Being programmer oriented, the web page suggested I write about my first computer. This is just conniving HR speak for, “How old are you?” HR cannot directly ask so they’ll probe circuitously. Sorry gals, (HR is a female ghetto), I’m on to you. I am excellent actor and liar. I can play your little game but I am no longer interested. Still your little page made we wonder what my personal statement would be like if I was telling the truth and not spinning like a millisecond pulsar. I think it would look something like this:
I want to solve problems: not create them. You would be surprised how many software organizations cannot tell the difference.
- Does your organization think the orthodox application of trendy project management “methodologies”1 like agile is a substitute for real insight and work?
- Do you bind yourself in SOX inspired straitjackets and wonder why programmer morale and productivity has plummeted?
- Do you have an antiquated remote work policy and insist staff show up for periodic management brow beatings and pointless brain numbing meetings?
- Are you wedded to standard software tools merely because they are standard?
- Are you afraid of iconoclastic viewpoints and meekly seek a lowest common denominator consensus?
- Finally, do you follow industry trends or set them?
Perhaps my bad attitude shocks you.
“Who would hire this guy?” you ask.
It’s a fair question. I’ve had my fill of “Software Theater.” I will no longer act like I agree with bad ideas just to get along. From now on I am going to tell people what I really think, not what they yearn to hear.
To work with me your organization must be:
- Located somewhere I want to live to or have an enlightened 21st century remote work policy.
I am tired of wasting my life in humdrum hellholes because that’s where an employer is located. This is inexcusable for 21st century software developers. If you haven’t figured out how to manage geographically dispersed remote workers your organization is hidebound, myopic and doomed!
- Have a positive attitude about novel approaches to problems and encourage programmer autonomy.
I have often solved problems with nonstandard tools and techniques only to be told to do it again using a standard tool. Sometimes this makes sense but usually it’s motivated by pure organizational fear.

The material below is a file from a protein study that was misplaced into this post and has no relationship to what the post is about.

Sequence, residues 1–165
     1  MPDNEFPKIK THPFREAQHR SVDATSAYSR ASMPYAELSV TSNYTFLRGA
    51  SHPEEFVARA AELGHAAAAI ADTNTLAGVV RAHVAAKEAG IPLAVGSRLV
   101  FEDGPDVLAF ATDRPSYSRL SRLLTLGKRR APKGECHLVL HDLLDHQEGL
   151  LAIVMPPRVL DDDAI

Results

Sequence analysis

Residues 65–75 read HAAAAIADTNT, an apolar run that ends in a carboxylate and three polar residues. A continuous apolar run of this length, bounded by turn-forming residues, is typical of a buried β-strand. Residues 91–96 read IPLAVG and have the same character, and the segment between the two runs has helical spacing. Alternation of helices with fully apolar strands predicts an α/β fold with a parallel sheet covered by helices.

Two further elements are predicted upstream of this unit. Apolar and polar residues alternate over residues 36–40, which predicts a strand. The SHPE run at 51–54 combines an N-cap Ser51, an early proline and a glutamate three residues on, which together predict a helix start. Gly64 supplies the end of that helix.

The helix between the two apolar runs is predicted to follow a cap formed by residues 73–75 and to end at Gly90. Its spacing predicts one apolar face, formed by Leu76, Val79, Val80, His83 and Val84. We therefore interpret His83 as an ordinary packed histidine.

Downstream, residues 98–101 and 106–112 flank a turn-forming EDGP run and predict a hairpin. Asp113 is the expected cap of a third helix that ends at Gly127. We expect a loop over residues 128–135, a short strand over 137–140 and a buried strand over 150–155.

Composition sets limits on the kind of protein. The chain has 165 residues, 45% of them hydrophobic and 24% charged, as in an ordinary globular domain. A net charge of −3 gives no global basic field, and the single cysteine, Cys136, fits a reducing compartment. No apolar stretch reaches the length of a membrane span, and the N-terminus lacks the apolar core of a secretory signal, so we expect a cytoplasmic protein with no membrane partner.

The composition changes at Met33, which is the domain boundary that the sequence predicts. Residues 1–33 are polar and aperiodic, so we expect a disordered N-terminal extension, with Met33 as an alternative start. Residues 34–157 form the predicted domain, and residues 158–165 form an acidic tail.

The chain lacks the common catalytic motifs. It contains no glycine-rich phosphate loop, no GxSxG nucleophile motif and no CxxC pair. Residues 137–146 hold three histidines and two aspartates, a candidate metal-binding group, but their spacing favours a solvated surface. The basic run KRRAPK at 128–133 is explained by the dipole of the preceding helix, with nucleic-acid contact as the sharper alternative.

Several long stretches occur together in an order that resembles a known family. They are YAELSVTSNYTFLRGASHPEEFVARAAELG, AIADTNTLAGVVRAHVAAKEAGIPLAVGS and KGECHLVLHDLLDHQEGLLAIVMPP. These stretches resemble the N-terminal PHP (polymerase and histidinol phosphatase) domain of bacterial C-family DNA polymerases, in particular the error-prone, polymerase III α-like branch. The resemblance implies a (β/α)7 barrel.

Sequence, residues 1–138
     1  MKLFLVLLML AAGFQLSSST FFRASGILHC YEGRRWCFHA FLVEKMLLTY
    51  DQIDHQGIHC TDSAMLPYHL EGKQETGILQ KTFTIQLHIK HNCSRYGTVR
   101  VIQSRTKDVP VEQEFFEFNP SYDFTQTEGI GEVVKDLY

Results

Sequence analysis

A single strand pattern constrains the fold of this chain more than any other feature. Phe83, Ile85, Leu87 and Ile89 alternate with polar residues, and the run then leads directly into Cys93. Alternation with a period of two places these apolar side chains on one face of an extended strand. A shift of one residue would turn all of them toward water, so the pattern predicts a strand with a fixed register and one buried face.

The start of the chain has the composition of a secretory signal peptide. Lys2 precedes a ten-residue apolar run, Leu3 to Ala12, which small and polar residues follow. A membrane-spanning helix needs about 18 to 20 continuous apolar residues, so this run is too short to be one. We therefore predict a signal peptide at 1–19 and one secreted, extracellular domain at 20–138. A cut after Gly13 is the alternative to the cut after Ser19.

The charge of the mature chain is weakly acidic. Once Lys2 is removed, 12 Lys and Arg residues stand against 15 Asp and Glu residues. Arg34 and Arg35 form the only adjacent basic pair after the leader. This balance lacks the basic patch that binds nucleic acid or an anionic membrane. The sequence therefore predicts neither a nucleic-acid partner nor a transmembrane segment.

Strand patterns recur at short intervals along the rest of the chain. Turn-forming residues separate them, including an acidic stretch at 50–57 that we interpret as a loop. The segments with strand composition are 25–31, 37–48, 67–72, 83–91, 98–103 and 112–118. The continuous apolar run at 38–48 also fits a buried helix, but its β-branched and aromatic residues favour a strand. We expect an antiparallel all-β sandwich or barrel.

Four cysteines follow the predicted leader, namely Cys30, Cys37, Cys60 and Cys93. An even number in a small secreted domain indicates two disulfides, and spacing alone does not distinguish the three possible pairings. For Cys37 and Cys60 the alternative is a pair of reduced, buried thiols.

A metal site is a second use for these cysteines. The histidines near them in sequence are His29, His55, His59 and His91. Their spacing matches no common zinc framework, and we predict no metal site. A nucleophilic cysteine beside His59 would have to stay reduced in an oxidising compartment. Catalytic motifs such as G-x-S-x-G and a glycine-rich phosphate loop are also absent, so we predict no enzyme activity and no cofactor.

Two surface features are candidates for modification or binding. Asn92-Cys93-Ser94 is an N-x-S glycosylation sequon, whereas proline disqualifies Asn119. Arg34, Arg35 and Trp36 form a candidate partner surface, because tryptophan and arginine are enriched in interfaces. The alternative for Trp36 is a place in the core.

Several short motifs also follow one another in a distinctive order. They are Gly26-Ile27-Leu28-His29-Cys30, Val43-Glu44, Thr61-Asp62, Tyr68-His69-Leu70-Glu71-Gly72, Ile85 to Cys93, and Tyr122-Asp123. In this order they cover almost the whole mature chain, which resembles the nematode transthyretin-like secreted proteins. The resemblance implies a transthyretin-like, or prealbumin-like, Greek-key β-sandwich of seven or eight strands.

“Oh my God we won’t be able to find someone to support this!”
Or even worse, “We’ll have to learn something new!”
Companies make a big show about “thinking outside the box” while huddling like bed wetting cowards in the corner of one.
- Accept the simple fact that work is small part of life and stop trying to manage employees outside of the workplace.
It’s amazing what some companies think they can get away with! Would you believe asking recruits for Facebook and Twitter passwords? Don’t try this with me; I might punch you! Most companies know that asking for passwords crosses all sorts of inappropriate boundaries but even more enlightened organizations often have a “velvet fist” social media policy that basically tells employees not to involve the company in their personal jackassery. This is a reasonable request but it’s usually seen as bullying. Most will shut up: not me! Freedom of speech is fundamental and absolute. Companies that try to silence employees should be ashamed of themselves.
If you’re still reading and think, I like the cut of this guy’s jib. We have enough kowtowing eunuchs on payroll: a few ballsy shitheads may spruce this joint up. I’d suggest you look over my attached resume, peruse my public GitHub repositories, read my blog, browse my extensive photos, and check out what I’m reading. You’ll get a pretty accurate sense of who I am, what turns my crank, how I approach problems, and how I deal with difficulties. Unspoken social conventions demand that we suppress ourselves to work. I will no longer do this. I am what I am; I do what do; I will not change for you.